In modern times, nine of the 10 strongest earthquakes ever recorded were accompanied by tsunami that often resulted in death and devastation for many communities taken completely unawares. One of the most striking things about this list is that eight of these earthquake/tsunami events have occurred within living memory. And the deadliest of these have all occurred within the last 20 years.
This review puts lives lost from tsunami at 251,770, and economic losses at $280 billion between 1998 and 2017. (This compares with 998 deaths and $ 2.7 billion in economic losses for the previous two decades, 1978 to 1997.)
One estimate is that tsunami average more than 4,600 deaths for each occurrence, a much higher mortality rate than any other natural hazard. These coastlines are also home to much critical infrastructure including sea ports, airports, nuclear power plants, large cities and towns.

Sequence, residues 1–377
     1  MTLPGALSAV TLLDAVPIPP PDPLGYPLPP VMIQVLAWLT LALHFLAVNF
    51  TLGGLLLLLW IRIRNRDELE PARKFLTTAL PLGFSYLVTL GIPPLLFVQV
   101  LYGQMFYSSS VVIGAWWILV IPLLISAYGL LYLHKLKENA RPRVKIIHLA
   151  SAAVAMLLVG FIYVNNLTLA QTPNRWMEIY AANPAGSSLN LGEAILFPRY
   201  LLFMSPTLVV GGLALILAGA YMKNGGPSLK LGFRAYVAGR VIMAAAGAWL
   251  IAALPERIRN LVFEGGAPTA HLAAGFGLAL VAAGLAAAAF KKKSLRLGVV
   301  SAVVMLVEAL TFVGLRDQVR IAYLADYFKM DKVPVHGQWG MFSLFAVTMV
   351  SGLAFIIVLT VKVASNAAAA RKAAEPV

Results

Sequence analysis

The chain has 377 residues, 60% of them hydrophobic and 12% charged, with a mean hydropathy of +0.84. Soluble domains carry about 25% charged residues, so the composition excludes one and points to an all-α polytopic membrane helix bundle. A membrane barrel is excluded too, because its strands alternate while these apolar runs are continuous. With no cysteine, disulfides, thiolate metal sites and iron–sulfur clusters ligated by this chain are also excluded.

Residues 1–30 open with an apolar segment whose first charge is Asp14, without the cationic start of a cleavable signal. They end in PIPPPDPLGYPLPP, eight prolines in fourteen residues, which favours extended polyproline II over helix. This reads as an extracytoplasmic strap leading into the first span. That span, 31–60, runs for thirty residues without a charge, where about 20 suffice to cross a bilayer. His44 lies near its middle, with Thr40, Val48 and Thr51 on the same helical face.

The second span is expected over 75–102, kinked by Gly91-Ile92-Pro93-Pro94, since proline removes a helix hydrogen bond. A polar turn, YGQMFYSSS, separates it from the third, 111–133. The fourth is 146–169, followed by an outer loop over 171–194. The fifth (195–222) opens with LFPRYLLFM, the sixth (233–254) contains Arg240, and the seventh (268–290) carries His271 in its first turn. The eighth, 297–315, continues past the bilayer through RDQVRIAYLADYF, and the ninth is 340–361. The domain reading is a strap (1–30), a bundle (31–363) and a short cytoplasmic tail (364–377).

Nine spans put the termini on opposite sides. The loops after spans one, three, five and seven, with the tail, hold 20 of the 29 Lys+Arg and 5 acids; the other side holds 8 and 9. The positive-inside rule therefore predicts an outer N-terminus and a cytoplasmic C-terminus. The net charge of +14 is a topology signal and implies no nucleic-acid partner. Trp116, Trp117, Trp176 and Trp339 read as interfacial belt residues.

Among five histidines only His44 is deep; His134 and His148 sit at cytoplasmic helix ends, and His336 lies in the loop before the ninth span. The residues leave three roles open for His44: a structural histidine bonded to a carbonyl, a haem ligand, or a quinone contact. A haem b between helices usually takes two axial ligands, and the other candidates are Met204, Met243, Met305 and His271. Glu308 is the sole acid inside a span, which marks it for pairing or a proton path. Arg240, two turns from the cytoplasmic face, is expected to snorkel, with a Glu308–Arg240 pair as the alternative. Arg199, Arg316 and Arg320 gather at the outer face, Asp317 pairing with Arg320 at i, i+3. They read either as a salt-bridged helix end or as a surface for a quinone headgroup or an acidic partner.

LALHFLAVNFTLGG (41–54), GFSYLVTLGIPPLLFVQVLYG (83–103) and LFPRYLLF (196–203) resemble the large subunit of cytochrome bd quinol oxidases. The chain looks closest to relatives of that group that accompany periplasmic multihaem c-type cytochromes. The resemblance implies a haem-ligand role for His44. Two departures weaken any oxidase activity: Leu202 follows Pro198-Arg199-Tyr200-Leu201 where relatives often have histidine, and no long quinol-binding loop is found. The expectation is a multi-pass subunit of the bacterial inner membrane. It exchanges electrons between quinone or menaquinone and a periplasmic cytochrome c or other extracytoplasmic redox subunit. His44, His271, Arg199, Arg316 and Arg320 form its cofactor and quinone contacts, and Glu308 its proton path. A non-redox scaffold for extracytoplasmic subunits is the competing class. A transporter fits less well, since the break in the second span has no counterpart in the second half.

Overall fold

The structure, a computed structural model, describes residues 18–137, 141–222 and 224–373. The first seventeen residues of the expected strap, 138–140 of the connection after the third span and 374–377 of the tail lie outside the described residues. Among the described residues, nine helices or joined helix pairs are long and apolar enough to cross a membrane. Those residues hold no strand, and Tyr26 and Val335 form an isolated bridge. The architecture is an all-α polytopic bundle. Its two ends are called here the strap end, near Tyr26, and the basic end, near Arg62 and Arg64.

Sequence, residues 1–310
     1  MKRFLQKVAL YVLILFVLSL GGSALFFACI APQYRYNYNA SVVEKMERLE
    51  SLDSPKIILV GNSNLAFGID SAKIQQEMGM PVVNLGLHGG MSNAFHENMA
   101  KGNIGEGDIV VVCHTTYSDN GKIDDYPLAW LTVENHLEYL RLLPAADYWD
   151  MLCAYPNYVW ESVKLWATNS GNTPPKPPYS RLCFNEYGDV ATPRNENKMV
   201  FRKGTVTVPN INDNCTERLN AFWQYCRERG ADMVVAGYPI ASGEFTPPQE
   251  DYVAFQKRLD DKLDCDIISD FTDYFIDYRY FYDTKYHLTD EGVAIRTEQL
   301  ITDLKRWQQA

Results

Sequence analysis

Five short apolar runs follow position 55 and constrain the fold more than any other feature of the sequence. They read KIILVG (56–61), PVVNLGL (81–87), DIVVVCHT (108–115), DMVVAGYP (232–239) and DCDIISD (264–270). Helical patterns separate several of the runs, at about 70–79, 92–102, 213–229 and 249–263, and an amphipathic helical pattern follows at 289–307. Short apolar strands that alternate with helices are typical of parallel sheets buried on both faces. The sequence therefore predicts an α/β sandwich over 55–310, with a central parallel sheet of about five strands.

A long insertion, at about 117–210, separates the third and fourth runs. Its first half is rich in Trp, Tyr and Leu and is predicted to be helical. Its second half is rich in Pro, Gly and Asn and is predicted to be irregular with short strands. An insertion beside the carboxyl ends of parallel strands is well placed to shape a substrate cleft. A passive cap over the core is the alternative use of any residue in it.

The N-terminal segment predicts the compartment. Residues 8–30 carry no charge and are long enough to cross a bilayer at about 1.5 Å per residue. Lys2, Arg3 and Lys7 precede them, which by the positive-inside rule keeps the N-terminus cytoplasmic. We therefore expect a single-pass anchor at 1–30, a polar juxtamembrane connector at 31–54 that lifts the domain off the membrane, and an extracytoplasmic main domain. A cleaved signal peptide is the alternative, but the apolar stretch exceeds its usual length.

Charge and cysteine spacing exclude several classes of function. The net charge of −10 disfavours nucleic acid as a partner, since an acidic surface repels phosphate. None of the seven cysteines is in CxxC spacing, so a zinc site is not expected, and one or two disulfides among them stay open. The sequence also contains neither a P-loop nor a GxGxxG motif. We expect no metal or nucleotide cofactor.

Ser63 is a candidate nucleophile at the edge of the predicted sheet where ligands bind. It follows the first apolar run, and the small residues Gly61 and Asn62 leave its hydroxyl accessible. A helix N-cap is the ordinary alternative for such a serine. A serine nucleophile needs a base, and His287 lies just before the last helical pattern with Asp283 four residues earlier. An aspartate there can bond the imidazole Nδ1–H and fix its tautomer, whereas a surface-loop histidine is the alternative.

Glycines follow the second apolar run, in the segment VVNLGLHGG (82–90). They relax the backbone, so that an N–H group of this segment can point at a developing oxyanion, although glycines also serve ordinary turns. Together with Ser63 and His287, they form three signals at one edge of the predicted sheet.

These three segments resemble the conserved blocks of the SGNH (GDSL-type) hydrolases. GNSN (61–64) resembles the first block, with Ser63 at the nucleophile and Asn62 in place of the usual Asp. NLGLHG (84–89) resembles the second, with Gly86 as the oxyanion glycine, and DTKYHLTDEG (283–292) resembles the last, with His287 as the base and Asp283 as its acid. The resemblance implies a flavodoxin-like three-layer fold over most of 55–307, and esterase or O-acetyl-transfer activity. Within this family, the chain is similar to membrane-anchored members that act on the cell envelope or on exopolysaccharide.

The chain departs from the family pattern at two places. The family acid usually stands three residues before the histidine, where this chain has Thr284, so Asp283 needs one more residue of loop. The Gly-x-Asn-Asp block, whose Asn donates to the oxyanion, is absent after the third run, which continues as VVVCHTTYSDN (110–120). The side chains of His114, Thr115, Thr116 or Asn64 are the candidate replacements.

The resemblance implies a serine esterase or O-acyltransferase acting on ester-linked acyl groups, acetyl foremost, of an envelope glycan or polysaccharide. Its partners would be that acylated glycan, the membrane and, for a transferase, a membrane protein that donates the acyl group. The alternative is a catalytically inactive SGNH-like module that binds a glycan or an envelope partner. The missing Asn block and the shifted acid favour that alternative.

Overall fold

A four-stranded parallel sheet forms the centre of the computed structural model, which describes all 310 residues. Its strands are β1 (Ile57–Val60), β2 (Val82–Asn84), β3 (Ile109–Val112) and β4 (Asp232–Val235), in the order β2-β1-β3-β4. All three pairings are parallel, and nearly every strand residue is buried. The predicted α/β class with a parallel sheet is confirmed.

World Tsunami Awareness Day, November 5, falls 33 days after the tsunami and earthquake that recently claimed over 2,000 lives in Central Sulawesi, Indonesia, with many more still missing. This served as a grim reminder that exposure to tsunami risk is in lock-step with population growth in coastal areas around the world’s major oceans, including the Pacific, the Indian, Atlantic Oceans, and the Mediterranean and its connecting seas.
It is important that robust early warning systems are put in place. However, we cannot become over-reliant on technology. People living in tsunami zones, once they experience an earthquake, should have the engrained instinct to flee to higher ground immediately and remain there until the danger has passed. It requires continued advocacy and education in order to bring about behavioral change but this is what will save lives.
In Hawaii, which has experienced over 100 recorded tsunami, they have a proverb: “Never turn your back on the sea. Unlike hurricanes, a tsunami has no season. It can strike at any time, both day and night, without warning, or little warning.”
[The Japan Times]